Monday, 26 March 2012

PRESS RELEASE: Questions to answer over Osborne’s dodgy dossier

This press release was issued today, following our post yesterday on the HMRC's publication on the 50p tax rate.



Questions need to be answered over Osborne’s Budget Day dodgy dossier

LEAP has raised several serious questions about the dossier used by Chancellor George Osborne to justify cutting the 50% tax rate at the Budget last week. The dossier, published by HM Revenue & Customs (HMRC) ‘The Exchequer effect of the 50 per cent additional rate of income tax’ was published on Budget Day, and makes the case for the 50% tax rate to be scrapped and replaced with the 45% rate.

Today (26 March) is the last day of the post-Budget debate, culminating in a vote on the Budget. LEAP Chair John McDonnell will be raising this issue in Parliament, which has led to a tax cut for the highest 1% of earners at a time of austerity.

LEAP’s analysis raises questions about a numbers of issues, including: political interference in drafting the dossier; the efforts made by HMRC in maximising compliance with the 50% rate; and why HMRC based its assumptions on different Taxable Income Elasticity measures in 2009 when the tax was announced.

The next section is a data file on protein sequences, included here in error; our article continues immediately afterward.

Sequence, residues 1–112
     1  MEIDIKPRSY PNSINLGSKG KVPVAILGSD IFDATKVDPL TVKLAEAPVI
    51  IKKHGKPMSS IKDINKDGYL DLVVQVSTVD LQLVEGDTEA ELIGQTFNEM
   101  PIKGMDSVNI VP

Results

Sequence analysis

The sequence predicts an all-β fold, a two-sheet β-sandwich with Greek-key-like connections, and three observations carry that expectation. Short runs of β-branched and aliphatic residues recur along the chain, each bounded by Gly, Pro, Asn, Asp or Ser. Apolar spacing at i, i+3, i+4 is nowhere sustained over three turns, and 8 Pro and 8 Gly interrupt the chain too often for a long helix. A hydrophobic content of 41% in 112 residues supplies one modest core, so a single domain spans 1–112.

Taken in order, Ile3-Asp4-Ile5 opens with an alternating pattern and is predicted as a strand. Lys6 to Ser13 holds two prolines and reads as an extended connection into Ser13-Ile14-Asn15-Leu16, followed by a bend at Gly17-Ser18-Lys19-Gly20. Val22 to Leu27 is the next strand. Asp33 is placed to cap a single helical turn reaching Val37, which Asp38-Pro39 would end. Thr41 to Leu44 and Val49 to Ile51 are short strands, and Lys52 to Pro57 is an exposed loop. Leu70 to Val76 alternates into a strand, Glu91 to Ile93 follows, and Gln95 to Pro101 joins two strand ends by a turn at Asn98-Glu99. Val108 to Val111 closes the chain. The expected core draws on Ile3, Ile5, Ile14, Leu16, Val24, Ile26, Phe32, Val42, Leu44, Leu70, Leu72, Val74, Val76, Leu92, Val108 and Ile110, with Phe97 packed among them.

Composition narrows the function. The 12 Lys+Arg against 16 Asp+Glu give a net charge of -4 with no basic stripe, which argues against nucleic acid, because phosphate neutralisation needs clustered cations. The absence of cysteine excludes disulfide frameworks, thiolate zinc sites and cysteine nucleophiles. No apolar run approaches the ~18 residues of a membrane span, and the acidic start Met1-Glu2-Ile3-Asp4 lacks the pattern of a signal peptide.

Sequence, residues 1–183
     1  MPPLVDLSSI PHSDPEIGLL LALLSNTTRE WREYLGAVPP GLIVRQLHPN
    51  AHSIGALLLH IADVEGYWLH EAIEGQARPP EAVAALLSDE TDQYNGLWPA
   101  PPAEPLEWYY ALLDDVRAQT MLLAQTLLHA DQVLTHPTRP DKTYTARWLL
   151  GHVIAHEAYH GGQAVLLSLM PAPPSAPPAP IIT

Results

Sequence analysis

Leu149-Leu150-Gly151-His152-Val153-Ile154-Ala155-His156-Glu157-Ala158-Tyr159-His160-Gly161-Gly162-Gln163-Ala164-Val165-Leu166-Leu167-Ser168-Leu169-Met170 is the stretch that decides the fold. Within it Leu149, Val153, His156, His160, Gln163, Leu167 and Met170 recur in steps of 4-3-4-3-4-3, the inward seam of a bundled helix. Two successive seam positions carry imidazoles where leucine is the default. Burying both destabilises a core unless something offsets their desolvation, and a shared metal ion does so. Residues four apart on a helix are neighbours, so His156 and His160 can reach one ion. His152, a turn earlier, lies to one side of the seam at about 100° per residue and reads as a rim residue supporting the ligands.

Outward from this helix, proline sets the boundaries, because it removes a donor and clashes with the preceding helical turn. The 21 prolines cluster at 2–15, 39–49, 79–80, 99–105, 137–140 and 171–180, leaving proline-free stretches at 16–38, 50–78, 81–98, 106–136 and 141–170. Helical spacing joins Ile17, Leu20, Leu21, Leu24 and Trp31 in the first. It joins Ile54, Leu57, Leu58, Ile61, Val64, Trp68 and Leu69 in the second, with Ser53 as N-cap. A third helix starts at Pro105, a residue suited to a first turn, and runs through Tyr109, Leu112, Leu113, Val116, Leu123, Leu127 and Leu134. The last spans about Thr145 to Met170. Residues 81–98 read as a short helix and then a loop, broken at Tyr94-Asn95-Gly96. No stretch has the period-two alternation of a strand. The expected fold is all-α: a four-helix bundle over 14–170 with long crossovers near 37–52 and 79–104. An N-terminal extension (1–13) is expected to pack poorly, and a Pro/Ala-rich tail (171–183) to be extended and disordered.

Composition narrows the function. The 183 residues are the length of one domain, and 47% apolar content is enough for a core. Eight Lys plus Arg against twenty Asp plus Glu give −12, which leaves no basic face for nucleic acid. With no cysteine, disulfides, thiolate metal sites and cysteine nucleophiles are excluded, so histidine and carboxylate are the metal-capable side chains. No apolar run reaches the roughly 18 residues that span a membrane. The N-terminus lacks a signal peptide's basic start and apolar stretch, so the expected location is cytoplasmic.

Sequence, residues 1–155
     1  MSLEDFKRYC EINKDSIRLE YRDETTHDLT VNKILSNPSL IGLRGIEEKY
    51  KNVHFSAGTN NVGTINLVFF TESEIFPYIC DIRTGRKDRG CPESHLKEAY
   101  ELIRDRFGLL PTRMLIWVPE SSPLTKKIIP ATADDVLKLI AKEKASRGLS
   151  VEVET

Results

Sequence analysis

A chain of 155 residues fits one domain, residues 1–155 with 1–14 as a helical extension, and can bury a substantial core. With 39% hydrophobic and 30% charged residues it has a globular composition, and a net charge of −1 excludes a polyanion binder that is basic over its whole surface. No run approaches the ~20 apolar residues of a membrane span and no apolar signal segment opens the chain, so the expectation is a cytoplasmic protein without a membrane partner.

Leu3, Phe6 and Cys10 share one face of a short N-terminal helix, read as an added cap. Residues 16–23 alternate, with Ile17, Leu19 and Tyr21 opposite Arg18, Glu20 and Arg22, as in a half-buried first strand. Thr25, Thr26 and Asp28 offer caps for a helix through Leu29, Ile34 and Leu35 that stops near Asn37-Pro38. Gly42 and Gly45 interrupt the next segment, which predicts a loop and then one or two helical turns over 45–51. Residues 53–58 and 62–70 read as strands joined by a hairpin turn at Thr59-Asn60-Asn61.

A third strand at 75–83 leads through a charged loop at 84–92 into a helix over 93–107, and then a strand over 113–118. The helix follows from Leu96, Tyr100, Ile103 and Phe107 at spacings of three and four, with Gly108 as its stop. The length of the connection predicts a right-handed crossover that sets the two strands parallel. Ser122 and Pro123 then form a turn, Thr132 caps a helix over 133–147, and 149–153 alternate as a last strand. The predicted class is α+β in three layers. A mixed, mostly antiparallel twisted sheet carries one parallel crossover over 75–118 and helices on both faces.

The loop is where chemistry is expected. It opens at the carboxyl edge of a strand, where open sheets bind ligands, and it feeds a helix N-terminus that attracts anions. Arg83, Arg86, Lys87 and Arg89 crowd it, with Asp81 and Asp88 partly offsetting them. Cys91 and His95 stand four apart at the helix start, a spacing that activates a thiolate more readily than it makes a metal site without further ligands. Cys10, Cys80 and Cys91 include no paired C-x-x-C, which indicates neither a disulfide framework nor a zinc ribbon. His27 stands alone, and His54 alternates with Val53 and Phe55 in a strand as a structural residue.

John McDonnell MP, LEAP Chair, said:
"There are serious questions to be answered by George Osborne about the political impartiality of this document, in light of the analysis by LEAP – which raises massive doubts about the conclusion that the 50% rate will raise only an additional £100m.

"I will be raising this issue in Parliament because it is of deep significance to the both the justice of our taxation system, and to the integrity of the civil service."
Andrew Fisher, LEAP Director, said:
"This dodgy dossier is deeply flawed in its analysis of the tax avoidance associated with the 50p rate. Its politically convenient and economically dubious conclusions seem more like the work of political placemen than politically neutral civil servants. There are several questions that need to be answered if taxpayers are to have any faith in the tax system.

"Osborne claimed that the 50% tax was bad for Britain’s competitiveness, yet in the Budget debate he justified cutting it by claiming other measures would raise five times as much from the same group. The Chancellor is spinning both ways, but we need to get to the truth."

The LEAP analysis can be read in below on the blog

1 comment: